Steven Peikin, co-director of the enforcement division of the U.S. Securities and Exchange Commission (SEC), recently described international cooperation as playing a critical role in facilitating investigations in the initial coin offering (ICO) sector.
‘Daunting Task’ of Identifying Misconduct
Speaking at Harvard Law School, Peikin described the SEC’s enforcement division as having the “daunting task of ferreting out misconduct and, where appropriate, recommending civil enforcement actions that variously seek injunctions or cease-and-desist orders, penalties, disgorgement of ill-gotten gains, suspensions and bars of bad actors, and the temporary suspension or delisting of securities.”
Peikin stated that collaboration with international regulators is “critical” to the SEC’s ability to investigate and take action against ICOs. The operators of ICOs are typically located outside of the U.S. and raise funds from “a broad base of investors both inside and outside the U.S.”
Quebec Regulator Played Key Role in Plexcoin Case
Peikin said that the SEC generally sees two types of securities law violations from token offerings.
“First, we see ICOs that meet the definition of a security, but are being sold, brokered, or traded to U.S. investors without complying with the registration requirements of the federal securities laws. Second, we see ICOs that appear to be simply outright frauds — where the issuers are using excitement around the crypto-asset space to simply rip off money from investors,” he said.
Peikin stated that the international assistance received by the SEC in regulating the ICO sphere has been “essential.” As an example, he noted how cooperation with the Autorité des marchés financiers in the Canadian province of Quebec led to the SEC charging two Canadian residents for their role in the fraudulent Plexcoin token sale. He added that the commission will continue to work with other international regulators “to develop pending ICO investigations.”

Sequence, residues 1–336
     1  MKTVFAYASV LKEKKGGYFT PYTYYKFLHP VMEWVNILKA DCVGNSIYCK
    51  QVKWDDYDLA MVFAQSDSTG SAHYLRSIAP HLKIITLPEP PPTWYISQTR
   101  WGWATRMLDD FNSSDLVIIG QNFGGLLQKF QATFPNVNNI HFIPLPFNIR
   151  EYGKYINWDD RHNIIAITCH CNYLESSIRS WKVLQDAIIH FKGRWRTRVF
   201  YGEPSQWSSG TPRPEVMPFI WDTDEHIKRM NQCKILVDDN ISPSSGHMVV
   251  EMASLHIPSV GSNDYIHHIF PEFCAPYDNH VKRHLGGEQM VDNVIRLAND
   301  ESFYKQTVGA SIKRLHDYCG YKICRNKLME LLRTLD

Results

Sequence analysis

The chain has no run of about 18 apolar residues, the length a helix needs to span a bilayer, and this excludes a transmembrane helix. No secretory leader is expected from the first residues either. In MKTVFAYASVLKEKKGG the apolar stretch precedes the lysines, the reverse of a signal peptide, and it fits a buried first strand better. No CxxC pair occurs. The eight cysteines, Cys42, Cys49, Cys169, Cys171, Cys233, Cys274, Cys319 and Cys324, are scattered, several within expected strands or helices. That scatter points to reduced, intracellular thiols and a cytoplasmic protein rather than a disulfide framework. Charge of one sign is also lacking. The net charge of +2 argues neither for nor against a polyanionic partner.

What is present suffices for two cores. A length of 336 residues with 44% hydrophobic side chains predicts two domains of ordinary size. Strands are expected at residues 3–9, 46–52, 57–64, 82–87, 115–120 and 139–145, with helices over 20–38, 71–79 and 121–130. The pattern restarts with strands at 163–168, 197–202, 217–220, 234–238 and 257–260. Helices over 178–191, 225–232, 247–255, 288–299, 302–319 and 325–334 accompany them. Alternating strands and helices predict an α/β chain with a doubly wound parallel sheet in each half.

Increased Popularity of ICOs Obscures Risks
Peikin said that in recent years, ICOs have “exploded from a mere concept to a phenomenon.” He added that the global ICO industry has grown “some 22,000 percent” in just two years, comparing the “more than $22 billion” raised by ICOs in 2018 with the “less than $100 million” raised in 2016.
“The growth in the ICO market can obscure the fact that these offerings are often high-risk investments,” Peikin stated. “The issuers may lack established track records. They may not have viable products, business models, or the capacity for safeguarding digital currencies from theft by hackers. And some of the offerings can be simply outright frauds.”
What is your response to Peikin’s comments regarding the need for international cooperation in investigating ICOs? Share your thoughts in the comments section below.
Images courtesy of Shutterstock, sec.gov, Wikipedia
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